February 15, 2017

In classical portfolio optimization the aim is to construct a portfolio of assets which optimize the combination of obtaining the highest return for a given level of risk. Within the classical Markowitz model, the efficient frontier identifies this set of portfolios where a rational investor can pick the optimal portfolio corresponding to a desired risk level. This risk component is quantified as a volatility number or possibly as an expected shortfall. The aggregation of the risk across all possible assets in which the investor can invest, leads to a covariance matrix. The other elements driving this asset allocation model are the expected returns. In a **Black-Litterman** model these expected returns are a blend of equilibirum returns and the view of the investor on the relative or absolute returns of the different underlying assets.

Decades of academic studies since Harry Markowitz (1959) and William Sharpe (1964) have explained why diversification should play a key role in a portfolios’s asset allocation. Choueifaty [1] proposed a measure of portfolio diversification, called the
**Diversification Ratio** ($DR$). This ratio was defined as the ratio of the portfolio’s weighted average
volatility to its overall volatility. Consider for example an equally-weighted portfolio of two independent assets with the same volatility. The $DR$ of such a two-asset portfolio is equal to $\sqrt{2}$. For $N$ independent assets sharing the same volatility, we have $DR=\sqrt{N}$.

The DR is in essence a quantitative measure. Other elements such as for example the fact that assets belong to the same industry, have a same geographical focus, were not directly taken into account. This is the starting point of this white-paper on portfolio diversification. In this contribution we will study the diversification of a convertible bond portfolio in a somewhat different way. Moving away from a traditional risk measure based on correlation and volatility, we introduce the **Jaccard distance** as a measure of similarity between two convertible bonds. The concept can be easily be extended to corporate bonds or other hybrid financial instruments.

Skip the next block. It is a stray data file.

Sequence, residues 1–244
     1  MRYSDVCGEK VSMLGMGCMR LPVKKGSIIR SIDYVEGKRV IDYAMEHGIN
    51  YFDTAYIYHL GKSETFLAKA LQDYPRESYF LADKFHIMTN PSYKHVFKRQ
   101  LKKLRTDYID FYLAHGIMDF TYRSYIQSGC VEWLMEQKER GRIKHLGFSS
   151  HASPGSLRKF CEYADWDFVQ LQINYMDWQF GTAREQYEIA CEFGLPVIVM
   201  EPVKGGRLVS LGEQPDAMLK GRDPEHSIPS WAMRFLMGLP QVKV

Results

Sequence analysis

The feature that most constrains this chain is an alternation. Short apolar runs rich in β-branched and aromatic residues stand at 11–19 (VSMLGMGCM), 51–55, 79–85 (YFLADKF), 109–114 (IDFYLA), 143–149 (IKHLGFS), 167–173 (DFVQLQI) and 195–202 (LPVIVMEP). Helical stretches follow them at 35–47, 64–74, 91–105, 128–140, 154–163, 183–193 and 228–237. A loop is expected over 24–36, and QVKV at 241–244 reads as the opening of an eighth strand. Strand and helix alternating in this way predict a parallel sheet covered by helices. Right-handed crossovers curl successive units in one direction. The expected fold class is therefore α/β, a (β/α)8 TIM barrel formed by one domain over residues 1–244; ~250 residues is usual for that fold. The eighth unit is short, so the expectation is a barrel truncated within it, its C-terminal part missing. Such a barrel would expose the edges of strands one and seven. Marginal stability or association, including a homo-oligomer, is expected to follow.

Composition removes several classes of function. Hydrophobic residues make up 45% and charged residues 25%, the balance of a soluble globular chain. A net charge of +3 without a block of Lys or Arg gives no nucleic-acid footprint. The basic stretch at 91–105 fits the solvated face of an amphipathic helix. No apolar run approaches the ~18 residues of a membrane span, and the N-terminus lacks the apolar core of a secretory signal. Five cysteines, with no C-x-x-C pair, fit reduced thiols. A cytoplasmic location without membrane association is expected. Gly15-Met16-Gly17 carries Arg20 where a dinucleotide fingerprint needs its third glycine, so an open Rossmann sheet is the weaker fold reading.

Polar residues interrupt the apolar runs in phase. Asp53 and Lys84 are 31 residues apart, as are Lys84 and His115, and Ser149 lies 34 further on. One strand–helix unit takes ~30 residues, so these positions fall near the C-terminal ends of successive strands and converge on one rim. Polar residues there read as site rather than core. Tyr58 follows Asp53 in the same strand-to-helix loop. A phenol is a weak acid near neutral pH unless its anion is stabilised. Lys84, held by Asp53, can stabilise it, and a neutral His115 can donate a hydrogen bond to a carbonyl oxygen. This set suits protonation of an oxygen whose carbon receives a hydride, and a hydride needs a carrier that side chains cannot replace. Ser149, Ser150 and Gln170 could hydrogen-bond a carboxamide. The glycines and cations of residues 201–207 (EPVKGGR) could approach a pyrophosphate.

Starting from a set of 10 convertible bonds we illustrate to what extent these bonds are similar and how to quantify this similarity. The similarity is no longer expressed using numerical measures such as a correlation. Instead we rely on the attributes of these convertible bonds and study whether these bonds don't share too many similar properties. The more two bonds share a particular feature, the more they are to be considered similar and the less they contribute to the portfolio's diversification. As a consequence, the portfolio is less diversified when the consitutents share the same attributes. This is where we bring the Jaccard distance into the picture. For complex instruments this approach can be beneficial. It is indeed often very difficult to reduce the complex nature of these instruments into a set of numerical attributes such as yield to put, convexity, delta, etc.…

[1] Choueifaty, Yves, and Yves Coignard. “Toward Maximum Diversification.” Journal of Portfolio Management, Vol. 34, No. 4 (2008), pp. 40–51

The **Jaccard distance** is a distance measure that measures dissimilarities between the properties of two elements, in this case two convertible bonds. When bonds are sharing the same attributes, their jaccard distance is zero. In the most extreme scenario, their jaccard distance is equal to one.
The **Jaccard similarity coefficient** is defined as one minus the Jaccard distance. The Jaccard similarity coefficient is one when both bonds share the same properties. In the opposite case, the Jaccard similarity is zero when two bonds have no-single common property.

In the first table the 10 bonds are described. A

Out[6]:

The Jaccard similarity coefficient of two bonds is the ratio of the number of properties that both bonds have in common, divided by the number of properties that at least one bond has. If none of the bonds have a certain property, this property is not taken into account for the calculation of the Jaccard similarity coefficient. As an example we calculate the Jaccard similarity coefficient for the first two bonds. Both bonds have a coupon, are balanced and have a soft call, so there are three common properties. The total number of observed properties equals four. Hence we obtain a Jaccard similarity coefficient of $\frac{3}{4}=0.75$.